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Dr David Isaacs

 

Email: david.isaacs.13@ucl.ac.uk
Office no: FC 202

External phone: 020 7679 7195
Internal Telephone: 37195

 

 

 

Education and Experience 

Dr David Isaacs received his BA from Cambridge in 2009 and his MA and his PhD from UCL in 2014 and 2020 respectively. He has taught widely at UCL since 2016 and has this year been appointed Associate Lecturer (Part Time). He has held visiting fellowships at several major libraries, including the Library of Congress in Washington, D.C., and the Harry Ransom Center at the University of Texas in Austin.

Research Interests

David’s primary research interests concern the processes of writing – the intellectual habits, the affective experiences, the technologies, the material circumstances – since 1945. He is interested in how process becomes form, in the relation between textual process and ethics, between textual process and affect, and in the question of what it means to finish a text. His first monograph – Second Thoughts: Revision, Anxiety and Ethics in Postwar Writing – is a study of the influence of authorial anxiety, especially regarding the ethics of writing, on compositional process. Considering the work of Philip Roth, J.M. Coetzee and Geoffrey Hill, it traces through their manuscript revisions each author’s anxious negotiation with what it means to write from a position of cultural dominance (as, that is, a ‘straight, white man’) at a moment when pressure was beginning to be brought to bear on such a position. It shows how each author learnt to fashion from his intensive revisionary procedures a self-doubting, self-critical aesthetic of second thoughts, performing a continual seeing again, thinking again, re-imagining, making new, and resulting in a textual ethic figured as an unlearning of sovereignty.

He is at the early stages of a second major project: a study of uses of the present tense, imaginings of the present, in the post-war period. This project will explore the proposition that the period has seen the development of a new literature of presence – from the mid-century inception of the present-tense novel to recent experiments in digital simultaneity – whose ethic is manifest in innovative, ontologically destabilising uses of the present tense, which attempt to stage moments of simultaneity that imaginatively collapse the gap between the moment of writing and the moment of reading. It will consider a range of authors including Josh Ashbery, Amiri Baraka, Toni Morrison, Thomas Pynchon, Alice Oswald, Seamus Heaney, J.M. Coetzee, Kazuo Ishiguro, Hilary Mantel, Ali Smith and Claudia Rankine, and will explore writing about the city, the natural world, race, history, forgetfulness, technology and futurity. What do we mean by ‘the present’? How can we imagine ‘presence’? And how are we, can we be, should we be, ‘present’ to one another?

Other interests include autobiography and auto-fiction; contemporary cinema, especially the films of Michael Haneke and Joanna Hogg; 20th-century African American writing; exchanges between text and music; writing about the natural world; the uncanny; mind; and the writing of home and homelessness.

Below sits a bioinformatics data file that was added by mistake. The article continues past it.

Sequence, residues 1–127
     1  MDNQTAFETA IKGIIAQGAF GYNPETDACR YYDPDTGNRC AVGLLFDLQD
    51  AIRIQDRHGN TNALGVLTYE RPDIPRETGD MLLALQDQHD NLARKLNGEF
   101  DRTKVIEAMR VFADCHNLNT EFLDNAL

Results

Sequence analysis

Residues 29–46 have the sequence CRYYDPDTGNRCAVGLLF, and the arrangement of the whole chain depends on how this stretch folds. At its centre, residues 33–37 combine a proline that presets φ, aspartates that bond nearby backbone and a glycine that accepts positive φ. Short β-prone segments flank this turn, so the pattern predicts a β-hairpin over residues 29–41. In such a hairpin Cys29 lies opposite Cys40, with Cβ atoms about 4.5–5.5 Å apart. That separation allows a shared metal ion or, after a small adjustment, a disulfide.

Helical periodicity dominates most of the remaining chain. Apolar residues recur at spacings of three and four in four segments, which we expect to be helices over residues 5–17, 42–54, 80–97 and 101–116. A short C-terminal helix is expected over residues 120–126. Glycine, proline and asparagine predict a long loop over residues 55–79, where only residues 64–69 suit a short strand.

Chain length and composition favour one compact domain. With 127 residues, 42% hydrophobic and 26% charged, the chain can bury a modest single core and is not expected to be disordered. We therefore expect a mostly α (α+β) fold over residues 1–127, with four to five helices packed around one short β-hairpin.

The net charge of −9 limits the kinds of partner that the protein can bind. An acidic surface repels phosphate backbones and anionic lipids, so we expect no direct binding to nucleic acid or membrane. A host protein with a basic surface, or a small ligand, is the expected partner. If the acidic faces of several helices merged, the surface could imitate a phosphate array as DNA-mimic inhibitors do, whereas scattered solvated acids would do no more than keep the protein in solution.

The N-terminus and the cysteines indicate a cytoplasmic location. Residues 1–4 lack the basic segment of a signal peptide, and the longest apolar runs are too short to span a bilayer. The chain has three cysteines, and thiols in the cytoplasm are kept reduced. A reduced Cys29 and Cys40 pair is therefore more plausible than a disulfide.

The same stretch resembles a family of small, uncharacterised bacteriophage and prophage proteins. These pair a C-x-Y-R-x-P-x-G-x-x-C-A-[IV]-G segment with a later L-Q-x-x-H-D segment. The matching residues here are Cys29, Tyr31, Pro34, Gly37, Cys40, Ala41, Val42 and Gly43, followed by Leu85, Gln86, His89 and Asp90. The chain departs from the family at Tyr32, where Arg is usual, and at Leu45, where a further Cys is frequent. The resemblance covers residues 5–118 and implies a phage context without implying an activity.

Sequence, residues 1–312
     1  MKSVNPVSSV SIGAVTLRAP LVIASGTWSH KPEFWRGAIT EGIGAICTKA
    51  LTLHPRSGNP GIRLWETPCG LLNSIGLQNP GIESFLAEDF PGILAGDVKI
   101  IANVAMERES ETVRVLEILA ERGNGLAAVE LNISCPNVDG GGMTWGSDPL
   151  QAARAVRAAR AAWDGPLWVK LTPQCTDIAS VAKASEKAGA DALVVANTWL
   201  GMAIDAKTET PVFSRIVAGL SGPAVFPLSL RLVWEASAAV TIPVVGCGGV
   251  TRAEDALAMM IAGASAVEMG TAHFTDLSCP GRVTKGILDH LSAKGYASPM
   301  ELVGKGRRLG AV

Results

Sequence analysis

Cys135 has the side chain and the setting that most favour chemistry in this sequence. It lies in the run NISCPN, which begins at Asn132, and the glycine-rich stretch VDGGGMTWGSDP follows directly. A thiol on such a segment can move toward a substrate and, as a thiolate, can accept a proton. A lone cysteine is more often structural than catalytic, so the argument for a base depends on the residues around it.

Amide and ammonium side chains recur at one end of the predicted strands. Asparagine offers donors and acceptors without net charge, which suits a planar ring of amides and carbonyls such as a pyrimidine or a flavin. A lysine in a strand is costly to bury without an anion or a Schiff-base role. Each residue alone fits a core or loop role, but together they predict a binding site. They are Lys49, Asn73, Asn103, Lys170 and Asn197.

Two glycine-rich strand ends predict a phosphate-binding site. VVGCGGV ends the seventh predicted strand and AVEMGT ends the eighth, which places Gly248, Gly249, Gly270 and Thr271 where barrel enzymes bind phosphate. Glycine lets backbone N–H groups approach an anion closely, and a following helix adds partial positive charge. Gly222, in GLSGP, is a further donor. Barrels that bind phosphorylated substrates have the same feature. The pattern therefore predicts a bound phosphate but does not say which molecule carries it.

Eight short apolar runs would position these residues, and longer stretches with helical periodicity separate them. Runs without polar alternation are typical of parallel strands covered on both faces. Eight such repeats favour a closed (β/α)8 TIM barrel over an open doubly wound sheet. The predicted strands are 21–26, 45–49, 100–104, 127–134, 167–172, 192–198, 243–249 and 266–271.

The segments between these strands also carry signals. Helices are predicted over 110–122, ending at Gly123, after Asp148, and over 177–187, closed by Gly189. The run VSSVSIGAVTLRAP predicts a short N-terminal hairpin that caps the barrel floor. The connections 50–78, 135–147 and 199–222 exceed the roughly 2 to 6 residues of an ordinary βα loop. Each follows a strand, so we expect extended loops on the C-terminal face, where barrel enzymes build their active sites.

David also writes fiction and has published four short stories, each in The White Review, for whose prestigious annual short story competition each was shortlisted. His first novel, Untold, is, as ever, nearly finished.

Books

Second Thoughts: Revision, Anxiety and Ethics in Postwar Writing [under consideration by Oxford University Press]

Articles and Chapters in Books

‘“Unfinished to perfection”: Geoffrey Hill, revision and the poetics of stone’, Textual Practice, 13 April 2021, DI: 10.1080/0950236X.2021.1900377

‘Archival Realism: Elizabeth Costello, Disgrace and the realm of revision’, J.M. Coetzee and the Archive: Fiction, Theory & Auto/biography, ed. Kai Easton, Marc Farrant & Hermann Wittenberg (London: Bloomsbury, April 2021)

Interview with Namwali Serpell, The White Review, December 2020 <https://www.thewhitereview.org/feature/interview-with-namwali-serpell/>

Reviews

‘The Rest is History’, review of Joshua Cohen’s The Netanyahus, Literary Review, July 2021, p.53

‘Comedy of Terrors’, review of Damon Galgut’s The Promise, Literary Review, June 2021, pp.52-53

‘Christine Schutt’s “Pure Hollywood”’, The White Review, June 2018 <https://www.thewhitereview.org/reviews/christine-schutts-pure-hollywood>

Fiction

‘Pylons’, short story, The White Review, April 2017 <https://www.thewhitereview.org/fiction/pylons-2>

‘Seasickness’, short story, The White Review, April 2016 <https://www.thewhitereview.org/fiction/seasickness>

‘How Things Are Falling’, short story, The White Review, April 2015 <https://www.thewhitereview.org/fiction/how-things-are-falling>

‘by Accident’, short story, The White Review, April 2014 <https://www.thewhitereview.org/fiction/by-accident>

Other

The Connell Guide to Margaret Atwood’s The Handmaid’s Tale (London: Connell Guides, 2017)

The Connell Guide to Kazuo Ishiguro’s Never Let Me Go (London: Connell Guides, 2016)

The Connell Guide to Sebastian Faulks’ Birdsong (London: Connell Guides, 2015)

The Connell Guide to John Fowles’s The French Lieutenant’s Woman (London: Connell Guides, 2015)

The Connell Guide to Cormac McCarthy’s The Road (London: Connell Guides, 2014)

The Connell Guide to Michael Frayn’s Spies (London: Connell Guides, 2013)